My first venture into the world of fermentation was at age 14 in boarding school. I combined aniseed essence, sugar and warm water in 2 litre coke bottles and stashed them under my bed. Low and behold, several weeks later, I ended up with a face cringingly potent, long lost relative of sambuca. It was vile yet legitimate tender in boarding school and was used to influence and barter for all manner of things (both legal and otherwise). Of course, I eventually got caught, intoxicated on my own brew, and would have been expelled had I technically not done anything illegal – all ingredients were acquired from the supermarket and how was I to know what would happen by mixing them together?
Much later in life, whilst running tricycle café in Hobart, I became legitimately fascinated by the alchemy of fermentation. How with a little salt and time you can literally transform an ingredient into something completely amazing. I was mainly dabbling in quite simple lacto-ferments; pickles, hot sauces, sauerkrauts and kimchis, yet as a cook, the flavour profiles created were so so delicious.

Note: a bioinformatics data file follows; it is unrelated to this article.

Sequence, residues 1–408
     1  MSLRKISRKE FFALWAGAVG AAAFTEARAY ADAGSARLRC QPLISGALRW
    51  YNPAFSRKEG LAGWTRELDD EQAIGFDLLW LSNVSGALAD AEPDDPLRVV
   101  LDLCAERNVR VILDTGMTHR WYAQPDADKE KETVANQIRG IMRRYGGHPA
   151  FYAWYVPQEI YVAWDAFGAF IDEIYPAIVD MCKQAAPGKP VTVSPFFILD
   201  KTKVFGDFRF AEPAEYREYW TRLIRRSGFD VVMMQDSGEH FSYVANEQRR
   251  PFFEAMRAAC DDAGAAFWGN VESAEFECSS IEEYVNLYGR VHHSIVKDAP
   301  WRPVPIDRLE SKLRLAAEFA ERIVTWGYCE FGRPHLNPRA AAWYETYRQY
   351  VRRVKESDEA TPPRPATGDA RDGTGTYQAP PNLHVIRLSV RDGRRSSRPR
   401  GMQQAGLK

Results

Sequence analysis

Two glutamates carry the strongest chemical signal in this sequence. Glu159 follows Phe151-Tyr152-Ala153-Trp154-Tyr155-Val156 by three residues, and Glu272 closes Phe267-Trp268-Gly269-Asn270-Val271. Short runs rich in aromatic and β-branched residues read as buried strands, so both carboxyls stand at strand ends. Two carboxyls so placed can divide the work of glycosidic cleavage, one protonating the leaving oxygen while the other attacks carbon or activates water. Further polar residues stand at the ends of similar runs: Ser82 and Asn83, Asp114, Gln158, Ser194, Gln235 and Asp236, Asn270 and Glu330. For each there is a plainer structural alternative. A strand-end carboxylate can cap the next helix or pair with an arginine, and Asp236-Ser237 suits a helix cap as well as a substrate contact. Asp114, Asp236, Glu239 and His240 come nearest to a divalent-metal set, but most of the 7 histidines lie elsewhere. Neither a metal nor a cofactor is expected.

From there hobby became obsession and rough rice was born in 2014. I started investing any spare money I had into large ceramic crocks and set up my own fermentary. I would read anything I could get my hands on and all of my spare time was put into research and experimentation. I also travelled as much as I could (mainly around Asia – including an annual pilgrimage to Japan) to expand my knowledge. I started delving more into the world of cultured ferments making koji, misos, doubanjiang, gochujang and so forth.